Growing pots of summer bedding and veg gives months of pleasure, but can you do it without costing the earth? Yes with a low-cost, peat-free Best Buy compost.
Which? Gardening magazine has found five , all of them peat-free, which are perfect for plants in containers. This year we only tested peat-free composts as we know plants grow just as well as in peat, and it's best to avoid using peat where you can.
We tested 25 composts, all peat-free, in summer 2021. Some have been reformulated since we tested, but we still found five excellent composts that were awarded a Best Buy. Two of them are from large DIY chains and so are low-cost and readily available. The other three can be found in garden centres.
There are many reasons for choosing peat-free compost, not least of all the fact that harvesting peat releases huge quantities of carbon dioxide. Figures from The Wildlife Trusts suggest that is 2020 alone, the peat harvested for use in UK composts could release up to 880,000 tonnes of CO2, the equivalent of driving to the moon and back 4,600 times.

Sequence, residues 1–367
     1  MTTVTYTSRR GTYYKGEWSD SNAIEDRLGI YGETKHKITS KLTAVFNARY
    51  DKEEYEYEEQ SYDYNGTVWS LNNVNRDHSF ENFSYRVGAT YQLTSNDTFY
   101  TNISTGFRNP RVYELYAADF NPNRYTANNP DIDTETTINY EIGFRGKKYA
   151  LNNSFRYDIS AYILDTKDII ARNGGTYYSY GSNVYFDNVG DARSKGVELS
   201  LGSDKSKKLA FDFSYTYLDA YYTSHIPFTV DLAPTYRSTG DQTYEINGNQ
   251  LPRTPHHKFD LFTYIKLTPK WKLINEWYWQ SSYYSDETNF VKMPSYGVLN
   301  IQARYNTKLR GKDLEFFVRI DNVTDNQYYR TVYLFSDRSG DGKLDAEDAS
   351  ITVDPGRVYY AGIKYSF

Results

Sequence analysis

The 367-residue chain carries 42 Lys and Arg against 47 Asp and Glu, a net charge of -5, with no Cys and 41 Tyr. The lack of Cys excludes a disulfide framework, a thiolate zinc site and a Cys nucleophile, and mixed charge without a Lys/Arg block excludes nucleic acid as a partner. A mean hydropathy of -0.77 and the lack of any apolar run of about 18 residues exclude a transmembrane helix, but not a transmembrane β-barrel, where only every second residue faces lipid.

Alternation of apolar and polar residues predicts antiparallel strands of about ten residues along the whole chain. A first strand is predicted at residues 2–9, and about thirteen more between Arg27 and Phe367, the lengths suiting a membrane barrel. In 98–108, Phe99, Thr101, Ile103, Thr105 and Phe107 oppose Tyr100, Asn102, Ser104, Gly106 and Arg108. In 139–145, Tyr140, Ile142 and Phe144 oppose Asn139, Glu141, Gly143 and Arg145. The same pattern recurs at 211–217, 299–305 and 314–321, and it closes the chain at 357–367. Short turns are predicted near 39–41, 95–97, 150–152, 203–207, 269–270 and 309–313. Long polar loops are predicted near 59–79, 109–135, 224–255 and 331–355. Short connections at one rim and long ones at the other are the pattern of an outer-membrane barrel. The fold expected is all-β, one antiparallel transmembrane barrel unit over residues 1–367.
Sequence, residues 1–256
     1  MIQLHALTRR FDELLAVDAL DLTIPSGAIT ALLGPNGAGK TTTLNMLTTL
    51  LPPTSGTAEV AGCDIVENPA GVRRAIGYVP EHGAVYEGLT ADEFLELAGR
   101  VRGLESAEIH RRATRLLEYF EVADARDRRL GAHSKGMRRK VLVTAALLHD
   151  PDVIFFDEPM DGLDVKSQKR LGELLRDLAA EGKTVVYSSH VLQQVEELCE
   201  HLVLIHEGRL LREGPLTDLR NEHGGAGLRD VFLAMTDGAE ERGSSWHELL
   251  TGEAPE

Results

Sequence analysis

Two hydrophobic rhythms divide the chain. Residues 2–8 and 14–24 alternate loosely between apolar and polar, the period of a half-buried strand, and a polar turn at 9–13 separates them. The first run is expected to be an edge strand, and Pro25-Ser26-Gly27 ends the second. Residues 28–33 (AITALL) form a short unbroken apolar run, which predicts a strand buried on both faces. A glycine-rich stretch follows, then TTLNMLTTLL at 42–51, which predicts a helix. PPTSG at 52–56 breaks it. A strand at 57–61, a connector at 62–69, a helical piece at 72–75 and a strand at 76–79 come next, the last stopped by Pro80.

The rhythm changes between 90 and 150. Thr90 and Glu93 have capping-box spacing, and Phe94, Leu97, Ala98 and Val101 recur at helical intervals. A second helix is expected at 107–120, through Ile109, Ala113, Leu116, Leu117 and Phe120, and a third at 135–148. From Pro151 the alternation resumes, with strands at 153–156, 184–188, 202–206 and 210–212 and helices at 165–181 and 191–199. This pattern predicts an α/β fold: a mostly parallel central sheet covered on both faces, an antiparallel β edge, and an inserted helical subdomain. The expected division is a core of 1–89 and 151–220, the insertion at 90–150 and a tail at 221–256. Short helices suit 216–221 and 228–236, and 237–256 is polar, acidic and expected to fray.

Peat-free compost is usually made from a mix of several materials, including treated wood fibre, composted bark, coir and green compost, in other words compost made from the contents of green-bin collections. There are even composts made from composted bracken and sheep's wool.
Many composts are now scored for how sustainable they are and you can check how they rate. The score is calculated from how each material is sourced, taking into consideration: energy and water use; social compliance; habitat and biodiversity; pollution; renewability and resource use efficiency. There is no measure for greenhouse gas emission at the moment, but this should be included later this year.
The variety of ingredients in peat-free composts mean they behave differently to peat.
You will need to pay close attention to watering and feeding, making sure you don't get the compost too wet, or leave it to dry out, and be ready to give your plants a feed using a if growth stalls. Check your pots at least once a day
If you are planting up pots of summer bedding and veg, you might find it easiest to use a controlled-release fertiliser. This will feed your plants for most of the summer without you having to do anything.
Controlled-release feeds, as the name suggests, releases fertiliser slowly, when the compost is moist and the weather is warm, giving your plants all they need for months on end.